A medical aid group says nearly 1,000 people, most of them Muslim, are trapped and being threatened by militiamen in the western Central African Republic.
Doctors Without Borders says "anti-Balaka" militias recently seized control of Carnot, a town of about 45,000, and are searching for Muslim civilians who are either in hiding or have taken refuge at protected sites.
The group, known by its French acronym MSF, says anti-Balaka forces executed seven Muslim men at a house in Carnot last week and have tried on several occasions to attack patients or displaced people at the town's hospital.
FILE - fighters from a Christian militia movement known as the "anti-balaka" display their makeshift weaponry in the village of Boubou, between the towns of Bossangoa and Bouca, Central African Republic.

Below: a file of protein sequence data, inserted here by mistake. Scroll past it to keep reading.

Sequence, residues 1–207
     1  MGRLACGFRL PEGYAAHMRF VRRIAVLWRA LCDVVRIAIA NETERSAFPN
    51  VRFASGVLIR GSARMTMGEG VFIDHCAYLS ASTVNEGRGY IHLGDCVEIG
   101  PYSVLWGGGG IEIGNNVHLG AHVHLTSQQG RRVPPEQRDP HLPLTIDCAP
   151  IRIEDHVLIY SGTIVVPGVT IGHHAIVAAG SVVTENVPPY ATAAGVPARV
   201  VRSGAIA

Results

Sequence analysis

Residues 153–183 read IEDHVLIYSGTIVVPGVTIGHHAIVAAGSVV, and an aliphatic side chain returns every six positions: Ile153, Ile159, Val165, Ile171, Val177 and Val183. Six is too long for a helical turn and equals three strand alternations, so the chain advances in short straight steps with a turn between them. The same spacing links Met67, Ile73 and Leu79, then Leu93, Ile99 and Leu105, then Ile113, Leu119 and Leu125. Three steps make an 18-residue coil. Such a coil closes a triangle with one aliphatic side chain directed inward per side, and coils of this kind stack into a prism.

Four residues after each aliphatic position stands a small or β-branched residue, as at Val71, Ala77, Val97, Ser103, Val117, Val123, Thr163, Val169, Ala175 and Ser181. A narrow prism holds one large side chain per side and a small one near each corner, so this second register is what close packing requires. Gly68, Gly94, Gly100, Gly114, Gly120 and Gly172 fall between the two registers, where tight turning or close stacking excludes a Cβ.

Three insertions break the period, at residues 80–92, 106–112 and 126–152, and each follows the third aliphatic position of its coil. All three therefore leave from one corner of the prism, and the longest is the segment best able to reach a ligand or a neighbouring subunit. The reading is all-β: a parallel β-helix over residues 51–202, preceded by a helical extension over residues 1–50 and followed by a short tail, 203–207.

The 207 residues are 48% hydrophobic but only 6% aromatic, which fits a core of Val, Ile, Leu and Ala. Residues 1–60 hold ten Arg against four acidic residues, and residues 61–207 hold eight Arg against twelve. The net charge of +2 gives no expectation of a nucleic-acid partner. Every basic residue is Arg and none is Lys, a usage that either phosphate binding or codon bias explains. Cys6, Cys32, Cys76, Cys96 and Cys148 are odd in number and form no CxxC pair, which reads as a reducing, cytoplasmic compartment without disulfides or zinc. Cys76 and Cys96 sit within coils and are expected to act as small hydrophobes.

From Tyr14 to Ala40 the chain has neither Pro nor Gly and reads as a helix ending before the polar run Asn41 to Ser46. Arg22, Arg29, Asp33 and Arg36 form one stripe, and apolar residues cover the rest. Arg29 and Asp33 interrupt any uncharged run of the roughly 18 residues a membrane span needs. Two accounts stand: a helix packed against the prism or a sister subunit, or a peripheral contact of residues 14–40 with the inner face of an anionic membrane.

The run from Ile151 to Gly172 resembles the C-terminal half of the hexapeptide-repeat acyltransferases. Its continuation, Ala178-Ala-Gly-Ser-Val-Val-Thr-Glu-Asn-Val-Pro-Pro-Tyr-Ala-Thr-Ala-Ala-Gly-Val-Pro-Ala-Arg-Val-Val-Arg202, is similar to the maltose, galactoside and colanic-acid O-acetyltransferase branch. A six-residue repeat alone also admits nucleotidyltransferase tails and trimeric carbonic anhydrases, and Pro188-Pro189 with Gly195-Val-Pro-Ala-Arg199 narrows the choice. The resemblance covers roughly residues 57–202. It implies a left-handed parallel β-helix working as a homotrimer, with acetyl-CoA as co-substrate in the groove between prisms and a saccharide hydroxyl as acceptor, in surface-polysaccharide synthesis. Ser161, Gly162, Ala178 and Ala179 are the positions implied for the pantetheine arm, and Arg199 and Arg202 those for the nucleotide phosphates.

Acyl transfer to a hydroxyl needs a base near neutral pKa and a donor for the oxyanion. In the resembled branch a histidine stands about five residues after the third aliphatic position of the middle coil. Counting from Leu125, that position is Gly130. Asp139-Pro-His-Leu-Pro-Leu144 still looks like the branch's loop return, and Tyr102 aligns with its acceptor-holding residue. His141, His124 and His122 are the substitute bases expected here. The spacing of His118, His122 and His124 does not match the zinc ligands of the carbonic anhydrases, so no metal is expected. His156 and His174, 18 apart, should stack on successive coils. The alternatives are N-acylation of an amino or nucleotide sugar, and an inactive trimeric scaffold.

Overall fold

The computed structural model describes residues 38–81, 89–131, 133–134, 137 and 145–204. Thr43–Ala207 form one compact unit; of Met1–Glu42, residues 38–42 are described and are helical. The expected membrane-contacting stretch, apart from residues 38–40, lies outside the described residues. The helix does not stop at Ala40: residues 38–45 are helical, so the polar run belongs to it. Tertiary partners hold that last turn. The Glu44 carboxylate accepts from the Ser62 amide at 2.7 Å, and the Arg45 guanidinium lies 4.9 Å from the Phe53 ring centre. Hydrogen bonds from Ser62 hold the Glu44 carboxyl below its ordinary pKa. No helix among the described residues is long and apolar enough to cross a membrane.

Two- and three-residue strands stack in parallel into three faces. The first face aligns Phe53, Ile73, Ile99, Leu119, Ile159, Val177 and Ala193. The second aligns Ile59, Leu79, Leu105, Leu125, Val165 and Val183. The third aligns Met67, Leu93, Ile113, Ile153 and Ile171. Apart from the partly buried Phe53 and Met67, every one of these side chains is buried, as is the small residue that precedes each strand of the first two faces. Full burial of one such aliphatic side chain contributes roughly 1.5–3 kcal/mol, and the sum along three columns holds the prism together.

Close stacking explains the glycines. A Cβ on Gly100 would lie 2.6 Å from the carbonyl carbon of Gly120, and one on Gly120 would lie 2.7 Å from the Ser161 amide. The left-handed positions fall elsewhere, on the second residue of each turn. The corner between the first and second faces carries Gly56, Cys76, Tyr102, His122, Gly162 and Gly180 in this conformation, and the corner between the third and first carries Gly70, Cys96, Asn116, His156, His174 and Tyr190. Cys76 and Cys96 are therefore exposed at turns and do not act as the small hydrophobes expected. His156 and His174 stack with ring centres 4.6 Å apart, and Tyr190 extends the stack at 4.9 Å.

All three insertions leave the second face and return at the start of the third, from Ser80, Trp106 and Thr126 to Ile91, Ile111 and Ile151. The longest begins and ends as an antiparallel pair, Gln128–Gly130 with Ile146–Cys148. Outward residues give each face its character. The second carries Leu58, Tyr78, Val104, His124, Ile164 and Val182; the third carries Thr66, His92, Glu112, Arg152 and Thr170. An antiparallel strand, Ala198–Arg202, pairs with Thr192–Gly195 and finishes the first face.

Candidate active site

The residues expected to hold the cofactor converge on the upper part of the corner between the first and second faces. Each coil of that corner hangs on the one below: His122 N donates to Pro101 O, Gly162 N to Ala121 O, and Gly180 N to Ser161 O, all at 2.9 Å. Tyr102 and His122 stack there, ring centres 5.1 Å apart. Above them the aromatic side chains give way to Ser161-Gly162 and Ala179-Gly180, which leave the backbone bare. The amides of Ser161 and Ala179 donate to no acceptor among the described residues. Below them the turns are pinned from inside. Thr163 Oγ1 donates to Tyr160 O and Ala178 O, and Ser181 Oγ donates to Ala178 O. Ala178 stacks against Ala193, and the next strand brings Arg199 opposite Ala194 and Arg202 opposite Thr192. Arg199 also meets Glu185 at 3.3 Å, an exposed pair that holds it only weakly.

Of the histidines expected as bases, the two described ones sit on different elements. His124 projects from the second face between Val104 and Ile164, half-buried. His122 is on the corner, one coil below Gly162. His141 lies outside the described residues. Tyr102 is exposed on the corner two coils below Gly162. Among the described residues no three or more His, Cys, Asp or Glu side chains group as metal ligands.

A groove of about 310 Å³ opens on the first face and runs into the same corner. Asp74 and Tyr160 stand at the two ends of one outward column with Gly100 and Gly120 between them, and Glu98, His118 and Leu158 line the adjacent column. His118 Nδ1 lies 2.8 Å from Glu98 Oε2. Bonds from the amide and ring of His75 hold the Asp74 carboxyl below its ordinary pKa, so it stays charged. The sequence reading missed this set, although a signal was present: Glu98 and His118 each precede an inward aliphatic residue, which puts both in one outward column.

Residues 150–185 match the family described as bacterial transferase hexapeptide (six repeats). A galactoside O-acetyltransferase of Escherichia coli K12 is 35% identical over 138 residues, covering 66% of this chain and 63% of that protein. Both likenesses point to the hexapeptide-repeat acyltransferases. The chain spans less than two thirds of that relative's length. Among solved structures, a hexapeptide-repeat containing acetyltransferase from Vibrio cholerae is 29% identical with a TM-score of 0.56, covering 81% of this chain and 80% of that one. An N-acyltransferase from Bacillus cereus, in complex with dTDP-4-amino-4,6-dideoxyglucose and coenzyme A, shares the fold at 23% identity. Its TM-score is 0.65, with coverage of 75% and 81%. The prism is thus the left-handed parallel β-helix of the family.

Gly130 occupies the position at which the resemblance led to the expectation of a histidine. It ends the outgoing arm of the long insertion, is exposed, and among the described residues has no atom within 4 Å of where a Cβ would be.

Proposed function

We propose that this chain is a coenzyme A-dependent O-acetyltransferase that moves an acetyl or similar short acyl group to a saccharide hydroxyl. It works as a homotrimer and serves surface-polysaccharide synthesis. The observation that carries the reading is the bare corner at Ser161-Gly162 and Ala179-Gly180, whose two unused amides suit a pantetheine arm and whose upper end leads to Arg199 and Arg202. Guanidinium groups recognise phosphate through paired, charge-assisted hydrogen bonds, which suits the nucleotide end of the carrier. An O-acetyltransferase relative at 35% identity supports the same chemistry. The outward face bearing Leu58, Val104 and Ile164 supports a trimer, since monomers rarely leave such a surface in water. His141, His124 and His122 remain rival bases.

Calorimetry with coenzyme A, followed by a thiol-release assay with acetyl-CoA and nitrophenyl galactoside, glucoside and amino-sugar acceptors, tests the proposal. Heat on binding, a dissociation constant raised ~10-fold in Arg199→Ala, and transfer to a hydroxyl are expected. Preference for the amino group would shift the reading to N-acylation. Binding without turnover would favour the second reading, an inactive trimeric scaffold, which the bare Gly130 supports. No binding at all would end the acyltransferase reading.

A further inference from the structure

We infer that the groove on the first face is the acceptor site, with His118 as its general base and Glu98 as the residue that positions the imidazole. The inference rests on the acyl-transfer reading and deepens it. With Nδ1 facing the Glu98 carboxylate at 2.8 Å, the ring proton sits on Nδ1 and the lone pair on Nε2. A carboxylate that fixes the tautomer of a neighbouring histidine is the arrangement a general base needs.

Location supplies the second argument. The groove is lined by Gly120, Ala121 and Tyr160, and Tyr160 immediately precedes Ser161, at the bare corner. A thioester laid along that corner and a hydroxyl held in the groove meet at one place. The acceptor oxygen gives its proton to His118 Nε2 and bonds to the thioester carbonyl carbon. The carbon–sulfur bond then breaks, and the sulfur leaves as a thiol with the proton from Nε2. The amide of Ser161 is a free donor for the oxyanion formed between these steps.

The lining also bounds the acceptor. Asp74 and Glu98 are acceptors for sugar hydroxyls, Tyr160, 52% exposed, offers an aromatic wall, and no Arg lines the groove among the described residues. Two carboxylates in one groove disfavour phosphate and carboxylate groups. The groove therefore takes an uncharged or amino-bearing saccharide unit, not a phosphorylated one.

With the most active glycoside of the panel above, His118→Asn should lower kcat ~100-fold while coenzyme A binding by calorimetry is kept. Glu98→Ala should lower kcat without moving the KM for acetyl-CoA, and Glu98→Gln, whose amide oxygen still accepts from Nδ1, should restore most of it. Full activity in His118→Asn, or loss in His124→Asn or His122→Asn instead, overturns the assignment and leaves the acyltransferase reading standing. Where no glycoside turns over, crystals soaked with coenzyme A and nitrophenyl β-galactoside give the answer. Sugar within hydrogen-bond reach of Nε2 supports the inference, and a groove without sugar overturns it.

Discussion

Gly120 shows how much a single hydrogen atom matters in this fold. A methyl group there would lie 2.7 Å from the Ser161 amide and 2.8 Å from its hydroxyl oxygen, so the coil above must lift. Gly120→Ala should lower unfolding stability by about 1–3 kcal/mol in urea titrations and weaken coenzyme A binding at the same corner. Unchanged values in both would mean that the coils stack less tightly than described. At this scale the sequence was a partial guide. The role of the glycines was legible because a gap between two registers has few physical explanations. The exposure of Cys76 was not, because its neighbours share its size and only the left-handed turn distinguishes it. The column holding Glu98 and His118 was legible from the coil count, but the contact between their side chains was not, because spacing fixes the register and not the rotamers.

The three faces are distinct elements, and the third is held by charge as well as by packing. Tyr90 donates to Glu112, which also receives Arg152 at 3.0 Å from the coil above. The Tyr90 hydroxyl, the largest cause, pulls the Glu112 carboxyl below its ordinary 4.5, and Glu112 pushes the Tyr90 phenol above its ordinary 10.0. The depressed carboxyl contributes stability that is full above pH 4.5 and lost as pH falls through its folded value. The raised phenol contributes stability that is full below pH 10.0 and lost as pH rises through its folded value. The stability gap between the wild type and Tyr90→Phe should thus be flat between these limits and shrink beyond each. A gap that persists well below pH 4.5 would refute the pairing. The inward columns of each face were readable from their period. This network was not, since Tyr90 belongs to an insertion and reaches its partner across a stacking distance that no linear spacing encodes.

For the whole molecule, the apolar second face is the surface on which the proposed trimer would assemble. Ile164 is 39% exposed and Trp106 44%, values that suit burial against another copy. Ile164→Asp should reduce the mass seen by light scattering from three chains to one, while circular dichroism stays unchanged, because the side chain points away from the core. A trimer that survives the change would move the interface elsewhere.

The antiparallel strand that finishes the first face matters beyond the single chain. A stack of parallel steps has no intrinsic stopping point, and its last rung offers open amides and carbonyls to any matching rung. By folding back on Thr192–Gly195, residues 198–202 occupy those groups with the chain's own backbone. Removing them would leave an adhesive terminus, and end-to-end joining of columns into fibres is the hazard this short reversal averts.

It says anti-Balaka forces also seized a landing strip last Thursday as MSF tried to fly several wounded patients to Bangui for treatment.
Human rights groups have warned that the Christian and animist anti-Balaka groups are attempting to chase Muslims out of their communities in a form of "ethnic cleansing."
On a visit to Bangui Tuesday, the U.N. High Commissioner for Refugees Antonio Guterres said the C.A.R. needs the same attention being given to Syria and South Sudan.
The country descended into chaos after mainly Muslim Seleka rebels overthrew the president last March and went on a nationwide rampage of killing and looting. The anti-Balaka groups that sprung up have gone on the offensive, forcing Seleka to retreat.
Thousands of Central Africans are fleeing the country each day. The U.N. refugee agency said last week that recent arrivals in Cameroon spoke of "intense fighting" in Carnot and other western C.A.R. towns.
MSF has been active in Carnot since 2010. It says that since January 21, it has treated 69 wounded people in Carnot and recorded 18 deaths.